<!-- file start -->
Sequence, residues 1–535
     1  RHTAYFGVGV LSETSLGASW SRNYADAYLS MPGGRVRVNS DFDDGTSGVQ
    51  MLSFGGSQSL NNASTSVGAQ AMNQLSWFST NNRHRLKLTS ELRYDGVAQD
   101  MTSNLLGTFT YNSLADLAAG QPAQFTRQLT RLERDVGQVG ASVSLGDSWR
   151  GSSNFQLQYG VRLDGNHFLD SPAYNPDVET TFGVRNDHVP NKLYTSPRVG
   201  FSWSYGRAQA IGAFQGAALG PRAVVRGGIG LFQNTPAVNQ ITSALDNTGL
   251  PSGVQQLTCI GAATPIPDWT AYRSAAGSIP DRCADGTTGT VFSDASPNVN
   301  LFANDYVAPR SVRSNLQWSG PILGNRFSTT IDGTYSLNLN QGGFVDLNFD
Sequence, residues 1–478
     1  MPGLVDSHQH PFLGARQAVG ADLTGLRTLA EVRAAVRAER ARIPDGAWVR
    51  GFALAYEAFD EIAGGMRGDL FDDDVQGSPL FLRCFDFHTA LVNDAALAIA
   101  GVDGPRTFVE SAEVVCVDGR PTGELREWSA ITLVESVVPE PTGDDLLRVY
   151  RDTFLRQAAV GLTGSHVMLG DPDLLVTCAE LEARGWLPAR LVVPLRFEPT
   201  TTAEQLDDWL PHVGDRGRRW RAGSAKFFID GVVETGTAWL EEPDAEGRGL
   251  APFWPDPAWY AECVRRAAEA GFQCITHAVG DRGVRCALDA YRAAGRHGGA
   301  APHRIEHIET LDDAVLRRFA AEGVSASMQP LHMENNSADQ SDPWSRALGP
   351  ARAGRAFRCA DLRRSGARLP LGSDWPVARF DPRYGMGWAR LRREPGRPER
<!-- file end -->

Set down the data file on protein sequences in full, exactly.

Sequence, residues 1–535
     1  RHTAYFGVGV LSETSLGASW SRNYADAYLS MPGGRVRVNS DFDDGTSGVQ
    51  MLSFGGSQSL NNASTSVGAQ AMNQLSWFST NNRHRLKLTS ELRYDGVAQD
   101  MTSNLLGTFT YNSLADLAAG QPAQFTRQLT RLERDVGQVG ASVSLGDSWR
   151  GSSNFQLQYG VRLDGNHFLD SPAYNPDVET TFGVRNDHVP NKLYTSPRVG
   201  FSWSYGRAQA IGAFQGAALG PRAVVRGGIG LFQNTPAVNQ ITSALDNTGL
   251  PSGVQQLTCI GAATPIPDWT AYRSAAGSIP DRCADGTTGT VFSDASPNVN
   301  LFANDYVAPR SVRSNLQWSG PILGNRFSTT IDGTYSLNLN QGGFVDLNFD
Sequence, residues 1–478
     1  MPGLVDSHQH PFLGARQAVG ADLTGLRTLA EVRAAVRAER ARIPDGAWVR
    51  GFALAYEAFD EIAGGMRGDL FDDDVQGSPL FLRCFDFHTA LVNDAALAIA
   101  GVDGPRTFVE SAEVVCVDGR PTGELREWSA ITLVESVVPE PTGDDLLRVY
   151  RDTFLRQAAV GLTGSHVMLG DPDLLVTCAE LEARGWLPAR LVVPLRFEPT
   201  TTAEQLDDWL PHVGDRGRRW RAGSAKFFID GVVETGTAWL EEPDAEGRGL
   251  APFWPDPAWY AECVRRAAEA GFQCITHAVG DRGVRCALDA YRAAGRHGGA
   301  APHRIEHIET LDDAVLRRFA AEGVSASMQP LHMENNSADQ SDPWSRALGP
   351  ARAGRAFRCA DLRRSGARLP LGSDWPVARF DPRYGMGWAR LRREPGRPER